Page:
Therapy and Counseling Knowledge of principles, methods, and procedures for diagnosis, treatment, and rehabilitation of physical and mental dysfunctions, and for career counseling and guidance.
Medicine and Dentistry Knowledge of the information and techniques needed to diagnose and treat human injuries, diseases, and deformities. This includes symptoms, treatment alternatives, drug properties and interactions, and preventive health-care measures.
Psychology Knowledge of human behavior and performance; individual differences in ability, personality, and interests; learning and motivation; psychological research methods; and the assessment and treatment of behavioral and affective disorders.
Computers and Electronics Knowledge of circuit boards, processors, chips, electronic equipment, and computer hardware and software, including applications and programming.
Sales and Marketing Knowledge of principles and methods for showing, promoting, and selling products or services. This includes marketing strategy and tactics, product demonstration, sales techniques, and sales control systems.
Education and Training Knowledge of principles and methods for curriculum and training design, teaching and instruction for individuals and groups, and the measurement of training effects.
KEY ABILITIES Expand
Oral Comprehension The ability to listen to and understand information and ideas presented through spoken words and sentences.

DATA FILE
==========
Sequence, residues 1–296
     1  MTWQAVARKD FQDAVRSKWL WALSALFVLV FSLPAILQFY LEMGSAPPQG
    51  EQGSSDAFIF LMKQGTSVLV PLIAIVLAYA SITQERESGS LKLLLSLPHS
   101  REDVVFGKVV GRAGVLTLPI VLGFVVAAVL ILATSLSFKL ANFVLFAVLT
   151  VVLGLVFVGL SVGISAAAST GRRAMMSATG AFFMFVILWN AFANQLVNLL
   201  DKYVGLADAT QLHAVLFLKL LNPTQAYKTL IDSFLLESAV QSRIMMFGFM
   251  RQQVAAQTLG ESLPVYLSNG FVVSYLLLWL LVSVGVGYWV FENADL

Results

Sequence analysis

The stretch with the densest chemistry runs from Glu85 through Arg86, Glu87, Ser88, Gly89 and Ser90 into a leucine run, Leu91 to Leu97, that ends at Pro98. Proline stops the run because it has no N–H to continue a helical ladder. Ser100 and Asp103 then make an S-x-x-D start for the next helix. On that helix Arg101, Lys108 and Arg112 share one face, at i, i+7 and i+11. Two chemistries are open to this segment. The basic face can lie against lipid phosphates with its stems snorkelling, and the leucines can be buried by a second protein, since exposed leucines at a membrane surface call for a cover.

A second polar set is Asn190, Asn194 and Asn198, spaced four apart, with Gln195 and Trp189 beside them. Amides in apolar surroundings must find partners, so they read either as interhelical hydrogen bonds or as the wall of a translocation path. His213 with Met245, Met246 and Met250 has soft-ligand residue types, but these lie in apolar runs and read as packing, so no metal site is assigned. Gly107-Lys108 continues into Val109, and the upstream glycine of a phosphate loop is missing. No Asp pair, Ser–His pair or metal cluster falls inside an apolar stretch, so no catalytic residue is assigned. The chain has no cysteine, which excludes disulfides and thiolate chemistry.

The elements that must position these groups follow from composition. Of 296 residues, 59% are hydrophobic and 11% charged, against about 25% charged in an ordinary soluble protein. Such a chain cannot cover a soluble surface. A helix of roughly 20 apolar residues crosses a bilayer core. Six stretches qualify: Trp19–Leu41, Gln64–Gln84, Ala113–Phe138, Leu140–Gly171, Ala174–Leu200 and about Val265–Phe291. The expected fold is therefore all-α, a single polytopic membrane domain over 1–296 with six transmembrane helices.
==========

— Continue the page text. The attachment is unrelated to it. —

Oral Expression The ability to communicate information and ideas in speaking so others will understand.
Deductive Reasoning The ability to apply general rules to specific problems to produce answers that make sense.
Problem Sensitivity The ability to tell when something is wrong or is likely to go wrong. It does not involve solving the problem, only recognizing there is a problem.
Inductive Reasoning The ability to combine pieces of information to form general rules or conclusions (includes finding a relationship among seemingly unrelated events).
Written Comprehension The ability to read and understand information and ideas presented in writing.
Speech Recognition The ability to identify and understand the speech of another person.
Speech Clarity The ability to speak clearly so others can understand you.
TOP SKILLS Expand
Speaking Talking to others to convey information effectively.
Critical Thinking Using logic and reasoning to identify the strengths and weaknesses of alternative solutions, conclusions or approaches to problems.
Active Listening Giving full attention to what other people are saying, taking time to understand the points being made, asking questions as appropriate, and not interrupting at inappropriate times.
Reading Comprehension Understanding written sentences and paragraphs in work related documents.
Active Learning Understanding the implications of new information for both current and future problem-solving and decision-making.
Writing Communicating effectively in writing as appropriate for the needs of the audience.
Judgment and Decision Making Considering the relative costs and benefits of potential actions to choose the most appropriate one.
Monitoring Monitoring/Assessing performance of yourself, other individuals, or organizations to make improvements or take corrective action.